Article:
“Many autistic people learn to ‘mask,’ disguising their natural body language to make those around them comfortable,” he reflected on his experience. And this makes teaching much harder as he’s paying closer attention to his every move. “[Teaching is] more tiring for me than it is for the average teacher,” Murray said. Whether that is due to trying to stay on top of what the whole class is thinking and making sure they’re on track, keeping up with rapid task-switching or coping with the high sensory environment. This means he needs more downtime between classes and other interactions to recover; this isn’t easy to come by in the teaching profession. “This year I was given a Monday timetable with no breaks at all.  and large classes. It’s tiring interacting with a lot of people for a long time and my teaching suffered.”

At first, facing teaching demands as an autistic teacher was difficult for Murray. It was a challenge juggling various tasks, because he was not comfortable disclosing his condition to his colleagues due to the negative stereotypes attached to autism. “I was painfully aware of how many people have harmful misconceptions about it,” he told Re:Set. But earlier this year, Murray decided to run a training for the school community, and things have started to get better.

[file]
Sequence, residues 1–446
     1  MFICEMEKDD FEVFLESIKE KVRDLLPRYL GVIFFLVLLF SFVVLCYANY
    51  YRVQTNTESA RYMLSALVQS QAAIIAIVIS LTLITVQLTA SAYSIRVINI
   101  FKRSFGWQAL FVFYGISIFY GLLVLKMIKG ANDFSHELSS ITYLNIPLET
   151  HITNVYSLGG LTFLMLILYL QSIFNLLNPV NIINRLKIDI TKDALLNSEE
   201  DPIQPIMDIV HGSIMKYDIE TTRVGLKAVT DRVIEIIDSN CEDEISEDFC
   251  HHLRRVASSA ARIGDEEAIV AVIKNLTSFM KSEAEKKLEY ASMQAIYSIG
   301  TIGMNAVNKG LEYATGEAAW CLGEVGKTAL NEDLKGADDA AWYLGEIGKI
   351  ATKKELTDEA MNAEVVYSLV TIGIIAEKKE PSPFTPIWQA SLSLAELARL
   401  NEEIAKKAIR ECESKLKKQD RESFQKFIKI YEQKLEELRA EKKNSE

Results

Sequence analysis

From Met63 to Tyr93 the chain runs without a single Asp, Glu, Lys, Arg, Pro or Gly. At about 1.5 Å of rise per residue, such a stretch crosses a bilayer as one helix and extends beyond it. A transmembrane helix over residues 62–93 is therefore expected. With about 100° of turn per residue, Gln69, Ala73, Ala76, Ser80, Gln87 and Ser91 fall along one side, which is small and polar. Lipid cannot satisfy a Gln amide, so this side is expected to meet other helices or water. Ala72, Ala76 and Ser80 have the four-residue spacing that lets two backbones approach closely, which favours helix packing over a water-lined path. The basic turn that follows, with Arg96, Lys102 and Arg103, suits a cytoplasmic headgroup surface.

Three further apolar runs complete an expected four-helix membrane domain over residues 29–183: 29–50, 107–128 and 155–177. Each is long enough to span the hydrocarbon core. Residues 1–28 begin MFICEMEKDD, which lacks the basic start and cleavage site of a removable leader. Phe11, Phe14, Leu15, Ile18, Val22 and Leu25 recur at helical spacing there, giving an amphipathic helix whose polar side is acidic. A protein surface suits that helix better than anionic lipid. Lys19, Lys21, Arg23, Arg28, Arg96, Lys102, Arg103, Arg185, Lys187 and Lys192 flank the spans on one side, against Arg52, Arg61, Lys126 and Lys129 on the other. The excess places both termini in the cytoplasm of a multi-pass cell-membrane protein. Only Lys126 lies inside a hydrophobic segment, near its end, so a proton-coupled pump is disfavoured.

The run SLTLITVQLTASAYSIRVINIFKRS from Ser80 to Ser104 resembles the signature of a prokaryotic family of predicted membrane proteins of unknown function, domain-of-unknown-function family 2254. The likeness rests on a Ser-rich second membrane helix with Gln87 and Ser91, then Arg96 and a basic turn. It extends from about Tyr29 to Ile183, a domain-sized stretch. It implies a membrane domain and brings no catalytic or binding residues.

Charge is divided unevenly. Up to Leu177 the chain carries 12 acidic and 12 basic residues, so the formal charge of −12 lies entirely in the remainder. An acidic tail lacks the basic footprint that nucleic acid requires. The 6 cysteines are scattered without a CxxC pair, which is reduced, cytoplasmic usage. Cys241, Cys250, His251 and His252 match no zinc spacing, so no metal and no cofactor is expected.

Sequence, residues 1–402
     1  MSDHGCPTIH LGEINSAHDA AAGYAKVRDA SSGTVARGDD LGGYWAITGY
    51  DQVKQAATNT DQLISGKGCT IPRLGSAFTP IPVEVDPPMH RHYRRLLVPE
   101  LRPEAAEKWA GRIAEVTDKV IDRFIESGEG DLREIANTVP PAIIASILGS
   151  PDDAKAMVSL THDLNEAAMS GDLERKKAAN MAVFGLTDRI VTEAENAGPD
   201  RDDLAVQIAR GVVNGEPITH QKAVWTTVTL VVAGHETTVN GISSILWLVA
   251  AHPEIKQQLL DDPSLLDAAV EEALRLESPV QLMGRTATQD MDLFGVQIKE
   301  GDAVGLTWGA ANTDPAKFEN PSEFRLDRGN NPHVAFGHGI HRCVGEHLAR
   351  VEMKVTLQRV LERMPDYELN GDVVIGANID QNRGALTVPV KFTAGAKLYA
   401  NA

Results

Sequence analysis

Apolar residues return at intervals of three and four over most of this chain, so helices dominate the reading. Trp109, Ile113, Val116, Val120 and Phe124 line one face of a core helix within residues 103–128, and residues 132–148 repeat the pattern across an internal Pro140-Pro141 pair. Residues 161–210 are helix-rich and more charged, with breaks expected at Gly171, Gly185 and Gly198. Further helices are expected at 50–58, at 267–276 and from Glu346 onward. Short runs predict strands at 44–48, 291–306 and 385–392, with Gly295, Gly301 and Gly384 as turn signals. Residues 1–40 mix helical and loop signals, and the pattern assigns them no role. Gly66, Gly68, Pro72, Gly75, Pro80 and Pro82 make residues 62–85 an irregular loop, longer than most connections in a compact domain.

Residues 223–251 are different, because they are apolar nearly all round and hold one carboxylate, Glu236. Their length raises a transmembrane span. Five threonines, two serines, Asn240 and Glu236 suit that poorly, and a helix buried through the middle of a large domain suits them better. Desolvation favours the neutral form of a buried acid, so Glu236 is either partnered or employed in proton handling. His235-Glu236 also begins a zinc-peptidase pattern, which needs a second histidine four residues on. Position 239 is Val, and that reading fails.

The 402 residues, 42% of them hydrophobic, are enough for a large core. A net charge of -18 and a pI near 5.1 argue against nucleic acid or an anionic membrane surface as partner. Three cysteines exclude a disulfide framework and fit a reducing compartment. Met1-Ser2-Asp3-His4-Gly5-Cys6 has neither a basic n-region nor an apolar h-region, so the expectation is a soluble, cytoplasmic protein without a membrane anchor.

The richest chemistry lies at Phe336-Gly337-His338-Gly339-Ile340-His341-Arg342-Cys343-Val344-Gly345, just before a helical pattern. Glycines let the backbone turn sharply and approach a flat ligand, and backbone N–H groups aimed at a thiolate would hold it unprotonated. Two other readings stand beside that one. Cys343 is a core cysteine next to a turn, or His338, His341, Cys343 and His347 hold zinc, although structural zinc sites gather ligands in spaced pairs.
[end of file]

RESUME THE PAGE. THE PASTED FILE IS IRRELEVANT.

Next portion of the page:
A portrait of Fergus Murray. A man with long hair, wearing spectacle and a blue, checked shirt, faces the camera.

After trying his hand at tea blending, blogging, photography and hosting podcasts, Murray finally found his passion as a science teacher.

Murray, along with a former student, conducted a training session for his colleagues, to discuss their understanding of neurodiversity and share his lived experience with autism. Gaining the support of his school leadership team was critical to the success of his training. Murray’s colleagues set aside two staff meetings, which scheduled time for him to deliver his training program. The school also gave him the flexibility to decide upon the content himself.

Murray spoke from his own experience, explaining how other teachers could better support him as well as autistic students. The training session was well-received and Murray compiled a list for his colleagues to shed light “on the autistic ways of thinking.” These ways of thinking focus on helping teachers understand that autistic students’ interests need to be viewed positively, to make the classroom more inclusive. Here are his top tips: